It's an old trick, but after a recent incident in Los Angeles, the California Lottery is warning the public to be careful.
Special state lottery investigators and the Los Angeles County Sheriff's Department are looking for two people who they believe stole nearly $40,000 from an elderly woman in a so-called "Latin Lotto" scam.
There are many kinds of lottery scams, but this scheme is most common in the Latino community, officials said, and older, Spanish-speaking women are typically the victims.
Amber Bettar, a crime analyst for the California Lottery, said perpetrators rely on their cultural connection with their victims by speaking only in Spanish, using distinctive terms of endearment and mentioning religion.
Perpetrators will approach victims in public places. They say they have a winning lottery ticket but are unable to redeem it because they are not U.S. citizens.
Perpetrators take advantage of their victims' altruism, Bettar said. They use pregnant women to sell the scam, or they claim to be impoverished as well as undocumented.
"Once they feel like they're getting them on the hook, they just keep going," she said.
Then, the scammer tells the victim that lottery officials need a large amount of money as collateral before they will hand over the winnings.
When the victim provides the collateral, the scammer disappears.
"You don't have to be an American citizen to win and claim your lottery prize," said Russ Lopez, a lottery spokesman.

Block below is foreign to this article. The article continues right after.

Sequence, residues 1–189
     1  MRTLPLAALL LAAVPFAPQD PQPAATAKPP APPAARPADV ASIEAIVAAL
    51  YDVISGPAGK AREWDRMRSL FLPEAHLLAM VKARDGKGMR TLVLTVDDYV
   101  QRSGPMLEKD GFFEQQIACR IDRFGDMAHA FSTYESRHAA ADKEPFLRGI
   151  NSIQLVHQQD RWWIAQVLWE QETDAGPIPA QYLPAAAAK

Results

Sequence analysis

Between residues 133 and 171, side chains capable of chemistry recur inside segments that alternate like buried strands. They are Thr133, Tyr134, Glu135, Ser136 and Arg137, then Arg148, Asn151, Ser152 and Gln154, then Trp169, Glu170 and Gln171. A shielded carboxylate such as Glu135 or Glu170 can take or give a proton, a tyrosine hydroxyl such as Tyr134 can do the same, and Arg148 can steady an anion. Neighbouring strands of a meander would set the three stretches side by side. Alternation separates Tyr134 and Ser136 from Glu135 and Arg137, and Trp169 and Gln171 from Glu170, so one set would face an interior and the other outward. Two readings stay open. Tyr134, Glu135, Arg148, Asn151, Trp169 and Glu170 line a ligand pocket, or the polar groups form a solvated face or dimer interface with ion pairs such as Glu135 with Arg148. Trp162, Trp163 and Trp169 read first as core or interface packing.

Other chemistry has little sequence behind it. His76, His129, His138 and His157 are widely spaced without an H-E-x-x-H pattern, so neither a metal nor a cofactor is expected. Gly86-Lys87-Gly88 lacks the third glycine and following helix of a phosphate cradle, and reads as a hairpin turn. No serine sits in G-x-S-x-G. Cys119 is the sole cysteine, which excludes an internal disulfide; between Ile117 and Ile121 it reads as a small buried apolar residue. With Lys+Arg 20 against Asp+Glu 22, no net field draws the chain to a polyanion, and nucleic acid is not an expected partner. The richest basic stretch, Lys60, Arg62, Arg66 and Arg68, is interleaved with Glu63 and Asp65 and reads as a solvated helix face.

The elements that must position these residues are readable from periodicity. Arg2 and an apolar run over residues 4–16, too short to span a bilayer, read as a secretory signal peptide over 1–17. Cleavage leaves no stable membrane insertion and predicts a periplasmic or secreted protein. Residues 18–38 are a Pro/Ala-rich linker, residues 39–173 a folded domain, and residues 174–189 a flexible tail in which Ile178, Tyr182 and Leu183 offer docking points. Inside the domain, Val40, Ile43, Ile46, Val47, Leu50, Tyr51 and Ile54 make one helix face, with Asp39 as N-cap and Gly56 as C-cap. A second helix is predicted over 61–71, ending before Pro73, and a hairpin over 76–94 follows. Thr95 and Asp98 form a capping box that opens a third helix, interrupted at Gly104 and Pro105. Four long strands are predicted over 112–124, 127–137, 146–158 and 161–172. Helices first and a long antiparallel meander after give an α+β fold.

"No lottery would ask for money up front fees, taxes at all," he added. "We would never do that."
Latin Lotto scams have been common around the country for years. In California, incidents are concentrated in Los Angeles but have also been reported around the state, including San Francisco, Fresno and Sacramento.
"It's traveling more north," Bettar said.
The lottery provided the following account of the recent Los Angeles County scam:
A woman approached the victim in a parking lot and told her she had a ticket worth about $500,000 but was not a United States citizen and so could not claim the money. She offered the victim $40,000 in exchange for her help.
A man arrived to join the woman, who then called someone posing as an attorney. The impostor told the victim over the phone that she needed to give the woman collateral in order for her to receive her winnings.
The perpetrators drove the victim to two Wells Fargo branches, where she withdrew $38,000 altogether, and took her to a Macy's, where she spent about $500 on clothing for the woman.
Before they disappeared, the perpetrators went to the victim's home, where her home surveillance cameras captured footage of the scammers.
Scams like these might sound improbable, but they work. "It's very sad," Lopez said.
"The scammers are very convincing. They have the whole script worked out," he said. "They have pretend attorneys. Sometimes they have a number for the victim to call to talk to 'the lottery.' They've thought this out."
If you believe you have been scammed, first call your local police department. Then call the California Lottery at (800) 568-8379.